looking up pgp keys
gnupg-devel at spodhuis.org
Tue Sep 10 04:06:05 CEST 2013
On 2013-09-09 at 20:40 -0400, Tim Prepscius wrote:
> Why aren't the results from the http://pgp.mit.edu:11371 signed with their key?
> They have an http request but there is no way I can tell if I've been mitm-ed.
> I should be able to ask each server I request from, the public key of
> the other servers, and then check the signature of each against each
> Is this implemented and I'm missing it somehow?
Anyone can upload content to the public keyservers. I could, instead of
writing this email, use GnuPG to create an OpenPGP key which claims to
Tim Prepscius <timprepscius at gmail.com>
and upload it.
Signatures securing links between keyservers don't matter, when *anyone*
can anonymously upload keys into a keyserver and let them propagate.
The security of the PGP keyservers is not from "being in the public
repositories" -- they're a collection of assertions that various people
The security is because PGP inherently provides an object-level model of
security, where the items themselves should be sufficient for
establishing links. This is where the Web-of-Trust comes in. Given
user decisions of how much I trust, say, "Werner Koch" (as that identity
is expressed by one particular PGP key) to bother verifying identities
of people and the links between them and keys, I can trust the identity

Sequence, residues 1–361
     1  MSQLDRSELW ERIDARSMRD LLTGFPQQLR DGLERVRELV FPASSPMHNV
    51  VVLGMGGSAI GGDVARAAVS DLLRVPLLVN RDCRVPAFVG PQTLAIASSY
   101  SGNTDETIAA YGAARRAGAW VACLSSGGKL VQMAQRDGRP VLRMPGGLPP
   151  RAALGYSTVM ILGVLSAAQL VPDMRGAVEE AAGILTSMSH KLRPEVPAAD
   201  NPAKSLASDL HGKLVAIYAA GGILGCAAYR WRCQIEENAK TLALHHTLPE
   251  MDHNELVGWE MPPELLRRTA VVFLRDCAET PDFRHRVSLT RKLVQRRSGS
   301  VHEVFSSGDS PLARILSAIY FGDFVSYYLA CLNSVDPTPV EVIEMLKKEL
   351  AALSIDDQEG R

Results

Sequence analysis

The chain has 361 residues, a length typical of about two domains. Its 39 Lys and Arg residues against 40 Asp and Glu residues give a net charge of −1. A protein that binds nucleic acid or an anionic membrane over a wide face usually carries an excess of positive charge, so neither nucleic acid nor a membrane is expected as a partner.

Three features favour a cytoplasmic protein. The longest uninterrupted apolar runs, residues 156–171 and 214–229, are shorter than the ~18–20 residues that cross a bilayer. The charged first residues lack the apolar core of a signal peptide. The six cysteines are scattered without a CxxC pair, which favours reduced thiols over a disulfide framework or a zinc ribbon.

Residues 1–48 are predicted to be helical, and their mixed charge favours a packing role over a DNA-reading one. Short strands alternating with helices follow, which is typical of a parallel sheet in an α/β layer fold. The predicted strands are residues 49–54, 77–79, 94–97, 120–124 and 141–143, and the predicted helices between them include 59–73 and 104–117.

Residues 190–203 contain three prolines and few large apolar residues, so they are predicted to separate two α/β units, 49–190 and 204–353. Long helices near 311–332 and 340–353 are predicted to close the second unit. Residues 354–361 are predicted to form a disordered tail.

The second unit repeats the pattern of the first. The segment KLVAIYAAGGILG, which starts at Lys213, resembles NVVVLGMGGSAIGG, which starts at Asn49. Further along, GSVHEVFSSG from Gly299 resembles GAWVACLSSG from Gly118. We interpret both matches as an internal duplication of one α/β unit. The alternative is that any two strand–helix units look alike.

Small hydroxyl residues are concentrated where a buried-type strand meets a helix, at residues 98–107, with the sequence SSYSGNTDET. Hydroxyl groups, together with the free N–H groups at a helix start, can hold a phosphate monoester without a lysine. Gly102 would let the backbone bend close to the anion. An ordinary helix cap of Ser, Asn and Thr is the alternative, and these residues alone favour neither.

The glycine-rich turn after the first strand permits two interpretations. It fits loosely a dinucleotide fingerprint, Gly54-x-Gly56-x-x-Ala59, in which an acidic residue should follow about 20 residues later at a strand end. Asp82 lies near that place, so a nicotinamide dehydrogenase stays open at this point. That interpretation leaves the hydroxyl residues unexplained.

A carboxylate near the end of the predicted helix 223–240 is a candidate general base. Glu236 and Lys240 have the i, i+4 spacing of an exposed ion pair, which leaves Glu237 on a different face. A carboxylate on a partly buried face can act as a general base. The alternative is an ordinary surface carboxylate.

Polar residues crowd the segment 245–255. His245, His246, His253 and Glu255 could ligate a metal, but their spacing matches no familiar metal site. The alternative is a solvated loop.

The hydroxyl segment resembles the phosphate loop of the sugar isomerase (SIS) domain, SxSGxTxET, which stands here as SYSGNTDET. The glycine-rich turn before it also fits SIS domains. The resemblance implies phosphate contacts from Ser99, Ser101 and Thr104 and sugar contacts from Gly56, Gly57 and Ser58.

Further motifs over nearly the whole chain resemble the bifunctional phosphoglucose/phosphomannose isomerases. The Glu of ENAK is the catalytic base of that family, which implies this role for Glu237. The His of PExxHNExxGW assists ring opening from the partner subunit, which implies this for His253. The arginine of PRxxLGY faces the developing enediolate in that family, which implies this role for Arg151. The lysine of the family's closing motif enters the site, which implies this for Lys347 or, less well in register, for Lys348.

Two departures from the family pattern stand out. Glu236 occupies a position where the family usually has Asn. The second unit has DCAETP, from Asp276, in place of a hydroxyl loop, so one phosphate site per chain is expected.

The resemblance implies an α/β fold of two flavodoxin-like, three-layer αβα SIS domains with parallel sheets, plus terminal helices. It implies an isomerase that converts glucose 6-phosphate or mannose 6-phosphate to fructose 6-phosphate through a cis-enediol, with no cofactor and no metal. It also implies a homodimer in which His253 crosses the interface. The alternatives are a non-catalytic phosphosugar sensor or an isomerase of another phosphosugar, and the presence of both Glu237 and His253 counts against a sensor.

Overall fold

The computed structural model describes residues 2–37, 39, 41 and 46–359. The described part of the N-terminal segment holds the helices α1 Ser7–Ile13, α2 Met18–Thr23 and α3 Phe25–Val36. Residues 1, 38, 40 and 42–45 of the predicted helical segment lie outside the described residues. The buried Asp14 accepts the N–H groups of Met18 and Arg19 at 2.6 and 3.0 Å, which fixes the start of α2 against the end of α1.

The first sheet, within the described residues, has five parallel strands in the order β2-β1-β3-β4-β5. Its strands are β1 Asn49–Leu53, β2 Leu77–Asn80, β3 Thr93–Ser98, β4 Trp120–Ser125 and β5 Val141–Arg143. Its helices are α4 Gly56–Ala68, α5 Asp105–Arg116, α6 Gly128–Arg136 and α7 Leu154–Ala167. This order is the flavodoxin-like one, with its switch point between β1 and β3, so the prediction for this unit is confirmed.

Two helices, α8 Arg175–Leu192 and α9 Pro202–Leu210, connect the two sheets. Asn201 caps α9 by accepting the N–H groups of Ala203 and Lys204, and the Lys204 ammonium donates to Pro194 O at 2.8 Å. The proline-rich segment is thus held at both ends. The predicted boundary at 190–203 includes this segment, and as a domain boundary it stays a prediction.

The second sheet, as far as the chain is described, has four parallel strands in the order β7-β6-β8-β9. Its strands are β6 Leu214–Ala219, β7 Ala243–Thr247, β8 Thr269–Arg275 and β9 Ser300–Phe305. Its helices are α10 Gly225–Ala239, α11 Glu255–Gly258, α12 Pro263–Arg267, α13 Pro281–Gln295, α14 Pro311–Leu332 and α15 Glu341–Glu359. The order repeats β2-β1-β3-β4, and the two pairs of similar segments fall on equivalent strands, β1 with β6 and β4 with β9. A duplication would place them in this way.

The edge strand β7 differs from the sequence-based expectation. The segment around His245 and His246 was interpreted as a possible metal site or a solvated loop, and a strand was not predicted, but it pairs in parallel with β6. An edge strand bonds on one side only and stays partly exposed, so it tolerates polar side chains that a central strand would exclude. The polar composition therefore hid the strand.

assertions in keys which carry a uid signature from Werner. The link is
there from the signature already, I decide how much I trust signatures
from a particular key.
There is spam in the public keyservers. There are known bad keys, there
are known malicious keys. The continuing viability of public keyservers
is a reasonable thing to question. The loss of them would be a blow.
But the mere presence of a key in a public collection conveys no
inherent trust. There's more trust from `finger foo at example.org`,
because heck, at least faking the result would require a current active
attack. That's still not a lot of trust, but it is mildly suggestive
that a key might be a reasonable match to an identity (in the form of an
email/finger address), unlike being present in a public keyserver, which
is not suggestive at all.
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